2020 has been a great year for me. I know that sentence is odd to read- it felt weird and slightly wrong to type. But it has been.
My (at the time) girlfriend Maya moved to Charlotte and started an internship in the beginning of 2020. Maya and I got engaged in March 2020. As Covid made doing things outside the house nearly impossible, I got to spend an incredible amount of time with my family. And my family got to spend more time with Maya than they ever would have in a “normal” year. Then, in July 2020, I got married. Now, Maya and I both serve at the same church. Many of the most pivotal, significant moments in my life happened in 2020. For that reason, 2020 has been a profoundly good year.
I write that knowing that 2020 has been a hard year for many. I don’t mean to diminish that. I just want to set the scene for the rest of the piece.
Marriage has been, to me, a greater blessing than I even imagined it would be. There is an experience of love, care and closeness that I’ve never had before. There’s a level of being known and knowing of the other person that is incomparable. 2020 has provided incredible blessing.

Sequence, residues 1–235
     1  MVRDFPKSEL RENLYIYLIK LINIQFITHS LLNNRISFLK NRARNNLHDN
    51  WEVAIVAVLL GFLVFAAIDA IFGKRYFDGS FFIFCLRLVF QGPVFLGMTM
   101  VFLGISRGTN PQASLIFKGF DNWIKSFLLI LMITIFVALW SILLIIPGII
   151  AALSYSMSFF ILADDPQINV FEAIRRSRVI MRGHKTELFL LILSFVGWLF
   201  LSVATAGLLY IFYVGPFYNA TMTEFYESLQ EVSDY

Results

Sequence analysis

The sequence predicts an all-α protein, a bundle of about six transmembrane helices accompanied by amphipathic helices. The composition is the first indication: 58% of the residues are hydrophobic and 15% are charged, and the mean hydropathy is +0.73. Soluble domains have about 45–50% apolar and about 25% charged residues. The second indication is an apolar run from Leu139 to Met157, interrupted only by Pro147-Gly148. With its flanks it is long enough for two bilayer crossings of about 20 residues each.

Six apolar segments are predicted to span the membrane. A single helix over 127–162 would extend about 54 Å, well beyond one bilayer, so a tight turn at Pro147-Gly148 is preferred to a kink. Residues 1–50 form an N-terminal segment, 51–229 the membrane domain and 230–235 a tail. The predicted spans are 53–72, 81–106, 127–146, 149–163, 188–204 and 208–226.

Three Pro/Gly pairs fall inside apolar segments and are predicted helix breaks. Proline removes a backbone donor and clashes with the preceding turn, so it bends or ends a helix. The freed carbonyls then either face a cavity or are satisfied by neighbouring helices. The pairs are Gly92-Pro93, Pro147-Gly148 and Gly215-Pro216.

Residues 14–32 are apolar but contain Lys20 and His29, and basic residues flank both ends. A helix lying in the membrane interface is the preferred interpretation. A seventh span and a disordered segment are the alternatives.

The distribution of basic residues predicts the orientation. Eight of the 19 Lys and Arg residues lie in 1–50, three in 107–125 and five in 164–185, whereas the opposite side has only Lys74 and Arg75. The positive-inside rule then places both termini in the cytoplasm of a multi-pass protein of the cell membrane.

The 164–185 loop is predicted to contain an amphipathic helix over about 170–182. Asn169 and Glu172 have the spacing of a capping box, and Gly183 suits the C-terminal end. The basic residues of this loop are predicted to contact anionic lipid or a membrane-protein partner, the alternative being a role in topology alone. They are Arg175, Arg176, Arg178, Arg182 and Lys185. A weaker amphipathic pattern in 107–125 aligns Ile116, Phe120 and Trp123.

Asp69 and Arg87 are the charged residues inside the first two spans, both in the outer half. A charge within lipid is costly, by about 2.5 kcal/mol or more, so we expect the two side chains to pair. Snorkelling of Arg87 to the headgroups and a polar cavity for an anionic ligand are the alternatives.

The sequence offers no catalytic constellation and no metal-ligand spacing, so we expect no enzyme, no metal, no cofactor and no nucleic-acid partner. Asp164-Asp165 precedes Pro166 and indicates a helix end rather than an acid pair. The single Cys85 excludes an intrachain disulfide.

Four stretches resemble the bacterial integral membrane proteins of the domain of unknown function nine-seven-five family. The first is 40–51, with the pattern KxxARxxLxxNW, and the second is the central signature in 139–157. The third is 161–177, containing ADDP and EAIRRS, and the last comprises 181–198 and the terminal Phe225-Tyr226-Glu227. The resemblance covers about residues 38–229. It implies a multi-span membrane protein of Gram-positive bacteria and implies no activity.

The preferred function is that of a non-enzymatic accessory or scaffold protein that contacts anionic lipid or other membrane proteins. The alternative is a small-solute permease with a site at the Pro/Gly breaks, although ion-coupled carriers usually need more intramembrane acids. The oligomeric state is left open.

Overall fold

But, in the middle of all this blessing, to be uncomfortably transparent, I’ve never experienced more fear than I have this year. I had a roughly 3 week period before, during and directly after our wedding where I felt odd, physically. I had some weird symptoms, like a perceived lack of feeling on the right side of my body compared to my left. I had what felt like some mental fogginess. I did exactly what you should never do: I googled my symptoms. And as a result, I genuinely convinced myself that I had a certain degenerative disease.
So, I saw my doctor. She didn’t think there was anything too problematic going on, but she told me that she’d refer me to a neurologist if it’d make me feel better. Never one to sit back, Maya and I went. And I was worried; I had convinced myself I’d hear bad news. Oh, and the doctor I went to happened to be a specialist in the disease I’d talked myself into having.
I shared my symptoms with him, and I also told him that in the past, I had sometimes unintentionally imagined myself experiencing things that I wasn’t actually experiencing (once, when I was 11, my favorite baseball player, David Ortiz, was diagnosed with…